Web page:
In Hector v. Bank of New York Mellon, 244 Md. App. 322 (2020), cert. granted, 468 Md. 544 (2020), a bank that was appointed trustee of a securitization trust that owned a Baltimore City house acquired through foreclosure was sued in its individual capacity by the former occupants of the house for negligence as a result of lead paint poisoning. Under the terms of the trust, the trustee was given only passive duties, such as distributing cash to certificate holders and relaying information from the loan servicer. This compares with managerial duties, which were the responsibility of the loan servicer. The Circuit Court for Baltimore City granted the bank’s motion for summary judgment on the basis that if the bank was to be sued, it should have been sued in its capacity as trustee, not in its individual capacity. On appeal, the Court of Special Appeals (CSA) affirmed the circuit court’s decision.
In order to reach its decision, the CSA was required to consider whether the trustee’s status as an “owner” under the Baltimore City Code imposed personal liability on it. An “owner” of a Baltimore City property is responsible for compliance with all provisions of the Code, including lead paint abatement. The definition of “owner” is broad and includes anyone in control of the record owner of the property.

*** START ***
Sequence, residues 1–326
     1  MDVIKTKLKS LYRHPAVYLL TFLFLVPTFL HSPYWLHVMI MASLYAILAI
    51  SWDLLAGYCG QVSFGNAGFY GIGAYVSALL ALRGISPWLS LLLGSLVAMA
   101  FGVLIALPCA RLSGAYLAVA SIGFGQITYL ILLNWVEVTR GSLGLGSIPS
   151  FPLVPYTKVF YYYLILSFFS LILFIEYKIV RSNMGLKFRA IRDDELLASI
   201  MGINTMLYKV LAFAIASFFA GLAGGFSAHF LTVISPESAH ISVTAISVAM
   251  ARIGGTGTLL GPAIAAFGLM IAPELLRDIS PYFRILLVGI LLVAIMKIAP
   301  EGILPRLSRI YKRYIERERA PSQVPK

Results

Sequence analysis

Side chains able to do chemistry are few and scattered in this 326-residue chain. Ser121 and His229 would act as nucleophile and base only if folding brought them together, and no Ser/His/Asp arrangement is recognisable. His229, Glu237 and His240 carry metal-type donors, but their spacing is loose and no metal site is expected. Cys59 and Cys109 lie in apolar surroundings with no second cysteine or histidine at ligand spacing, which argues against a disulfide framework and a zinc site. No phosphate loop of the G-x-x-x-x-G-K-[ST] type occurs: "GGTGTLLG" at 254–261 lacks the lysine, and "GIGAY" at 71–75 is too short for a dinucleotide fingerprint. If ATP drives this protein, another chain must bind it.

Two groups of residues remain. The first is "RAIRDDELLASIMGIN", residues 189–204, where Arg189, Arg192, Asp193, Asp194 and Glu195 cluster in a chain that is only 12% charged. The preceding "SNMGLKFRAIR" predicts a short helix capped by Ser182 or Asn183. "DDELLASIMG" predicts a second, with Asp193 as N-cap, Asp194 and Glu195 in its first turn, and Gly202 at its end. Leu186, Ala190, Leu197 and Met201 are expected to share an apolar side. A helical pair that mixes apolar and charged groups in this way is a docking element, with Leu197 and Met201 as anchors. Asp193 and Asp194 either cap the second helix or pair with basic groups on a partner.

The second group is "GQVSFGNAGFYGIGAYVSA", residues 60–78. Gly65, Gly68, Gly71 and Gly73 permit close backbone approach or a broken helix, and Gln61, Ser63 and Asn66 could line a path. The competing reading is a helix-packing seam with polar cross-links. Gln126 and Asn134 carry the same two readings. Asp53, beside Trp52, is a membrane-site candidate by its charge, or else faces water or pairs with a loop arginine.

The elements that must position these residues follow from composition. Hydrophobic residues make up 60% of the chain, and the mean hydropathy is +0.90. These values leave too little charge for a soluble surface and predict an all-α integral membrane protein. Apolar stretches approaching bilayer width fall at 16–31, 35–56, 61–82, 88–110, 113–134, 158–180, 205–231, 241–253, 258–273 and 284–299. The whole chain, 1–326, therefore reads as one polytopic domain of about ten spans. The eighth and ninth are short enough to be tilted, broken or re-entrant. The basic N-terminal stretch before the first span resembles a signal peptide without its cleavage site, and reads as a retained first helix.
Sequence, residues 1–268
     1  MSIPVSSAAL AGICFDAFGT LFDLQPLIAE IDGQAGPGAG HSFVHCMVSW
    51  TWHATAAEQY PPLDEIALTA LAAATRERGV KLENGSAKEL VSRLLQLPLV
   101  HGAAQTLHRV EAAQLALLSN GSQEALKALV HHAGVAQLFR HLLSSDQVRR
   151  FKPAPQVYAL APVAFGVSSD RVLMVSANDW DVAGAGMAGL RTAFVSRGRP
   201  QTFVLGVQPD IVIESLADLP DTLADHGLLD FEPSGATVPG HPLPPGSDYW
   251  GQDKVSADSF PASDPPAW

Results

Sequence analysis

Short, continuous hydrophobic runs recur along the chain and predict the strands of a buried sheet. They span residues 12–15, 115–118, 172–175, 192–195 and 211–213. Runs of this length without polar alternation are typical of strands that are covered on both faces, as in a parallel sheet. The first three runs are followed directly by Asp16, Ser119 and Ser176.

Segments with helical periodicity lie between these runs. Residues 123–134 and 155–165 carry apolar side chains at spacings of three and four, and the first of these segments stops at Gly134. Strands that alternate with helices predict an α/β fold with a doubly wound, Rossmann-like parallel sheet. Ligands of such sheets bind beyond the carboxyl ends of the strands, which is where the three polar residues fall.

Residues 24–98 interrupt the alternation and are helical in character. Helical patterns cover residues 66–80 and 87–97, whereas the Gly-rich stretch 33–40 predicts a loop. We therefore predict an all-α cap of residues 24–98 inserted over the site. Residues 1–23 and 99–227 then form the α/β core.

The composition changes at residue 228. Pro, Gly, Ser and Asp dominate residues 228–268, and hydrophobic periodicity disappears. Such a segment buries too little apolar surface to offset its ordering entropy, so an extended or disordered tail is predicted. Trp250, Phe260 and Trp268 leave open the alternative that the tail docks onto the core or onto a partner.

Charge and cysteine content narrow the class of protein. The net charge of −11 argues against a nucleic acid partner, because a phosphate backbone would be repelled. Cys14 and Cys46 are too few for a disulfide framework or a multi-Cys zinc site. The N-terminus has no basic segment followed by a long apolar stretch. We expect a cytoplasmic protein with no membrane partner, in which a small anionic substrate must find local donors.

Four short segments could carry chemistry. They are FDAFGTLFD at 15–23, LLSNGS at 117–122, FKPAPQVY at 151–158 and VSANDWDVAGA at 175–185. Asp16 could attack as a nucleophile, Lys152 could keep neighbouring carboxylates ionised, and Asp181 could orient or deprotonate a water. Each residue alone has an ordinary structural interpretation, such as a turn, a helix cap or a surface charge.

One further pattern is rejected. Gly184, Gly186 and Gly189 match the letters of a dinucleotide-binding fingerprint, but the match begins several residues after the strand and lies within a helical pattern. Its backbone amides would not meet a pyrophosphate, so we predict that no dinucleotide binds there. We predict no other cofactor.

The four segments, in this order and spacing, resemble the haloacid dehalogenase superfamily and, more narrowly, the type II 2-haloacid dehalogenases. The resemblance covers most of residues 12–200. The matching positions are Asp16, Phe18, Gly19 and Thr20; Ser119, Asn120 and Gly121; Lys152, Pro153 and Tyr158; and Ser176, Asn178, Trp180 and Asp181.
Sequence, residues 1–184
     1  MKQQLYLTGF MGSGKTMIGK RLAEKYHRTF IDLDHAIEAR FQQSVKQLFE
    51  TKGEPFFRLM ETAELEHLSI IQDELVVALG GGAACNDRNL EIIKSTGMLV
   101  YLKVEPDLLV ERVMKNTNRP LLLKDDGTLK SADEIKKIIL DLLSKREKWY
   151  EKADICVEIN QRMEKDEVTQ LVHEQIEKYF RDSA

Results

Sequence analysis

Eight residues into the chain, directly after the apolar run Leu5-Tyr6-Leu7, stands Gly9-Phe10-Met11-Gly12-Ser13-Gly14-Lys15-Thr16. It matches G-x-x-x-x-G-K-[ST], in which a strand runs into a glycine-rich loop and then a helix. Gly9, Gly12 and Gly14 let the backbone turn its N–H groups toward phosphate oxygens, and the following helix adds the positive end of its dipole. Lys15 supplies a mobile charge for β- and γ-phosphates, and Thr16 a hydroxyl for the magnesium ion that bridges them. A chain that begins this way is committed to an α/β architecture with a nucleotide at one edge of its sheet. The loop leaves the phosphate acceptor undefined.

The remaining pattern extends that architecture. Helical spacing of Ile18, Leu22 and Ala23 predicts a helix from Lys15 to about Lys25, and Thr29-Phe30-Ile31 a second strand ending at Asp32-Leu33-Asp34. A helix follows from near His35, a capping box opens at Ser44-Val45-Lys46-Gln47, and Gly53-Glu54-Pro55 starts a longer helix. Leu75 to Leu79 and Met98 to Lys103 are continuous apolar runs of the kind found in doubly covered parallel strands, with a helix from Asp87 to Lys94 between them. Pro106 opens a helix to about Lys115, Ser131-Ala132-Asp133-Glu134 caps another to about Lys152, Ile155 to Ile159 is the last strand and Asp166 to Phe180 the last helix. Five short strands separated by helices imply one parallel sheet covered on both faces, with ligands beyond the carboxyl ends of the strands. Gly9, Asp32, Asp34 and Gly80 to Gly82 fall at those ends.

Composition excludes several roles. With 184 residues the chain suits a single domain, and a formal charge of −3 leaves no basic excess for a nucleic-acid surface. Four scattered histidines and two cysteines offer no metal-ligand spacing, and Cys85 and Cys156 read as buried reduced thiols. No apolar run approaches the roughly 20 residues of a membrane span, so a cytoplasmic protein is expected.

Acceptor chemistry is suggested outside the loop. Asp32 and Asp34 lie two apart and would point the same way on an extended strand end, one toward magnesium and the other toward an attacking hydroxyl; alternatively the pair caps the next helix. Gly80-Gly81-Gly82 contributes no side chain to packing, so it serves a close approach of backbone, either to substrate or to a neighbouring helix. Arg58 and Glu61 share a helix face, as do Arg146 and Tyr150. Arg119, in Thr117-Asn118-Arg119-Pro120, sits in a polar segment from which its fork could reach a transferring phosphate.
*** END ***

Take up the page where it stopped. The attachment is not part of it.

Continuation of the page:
In ruling that the trustee did not have personal liability, the CSA distinguished a 2010 decision of the Court of Appeals, Allen v. Dackman, 413 Md. 132 (2010), in which the Court of Appeals imposed personal liability on an individual member of a limited liability company that owned property for negligence arising from lead paint poisoning because he controlled the limited liability company and no one else was responsible for managing the limited liability company or its property. Although the CSA recognized that a trustee of a trust could have personal liability in an appropriate case under trust law and the Baltimore City Code for committing a tort, the trustee in this case did not have personal liability because the evidence showed the trustee’s involvement with the property was only a passive one.
Lenders that acquire property in Baltimore City must be careful so as not to incur liability for negligence arising from the presence of lead paint in the property. While the CSA’s decision in Hector should provide some comfort to a trustee of a trust that merely owns the property, a trustee actively managing the property is not immune from personal liability. A state court receiver that manages a lead paint property in Baltimore City should have the same concern about personal liability although the new Maryland Commercial Receivership Act provides some relief. Under Section 24-702 of the Act, a receiver may not be sued in its personal capacity unless the suit is first approved by the receivership court.
Lawrence Coppel wrote this summary. Larry is former Senior Counsel at Gordon Feinblatt and is now at firstname.lastname@example.org.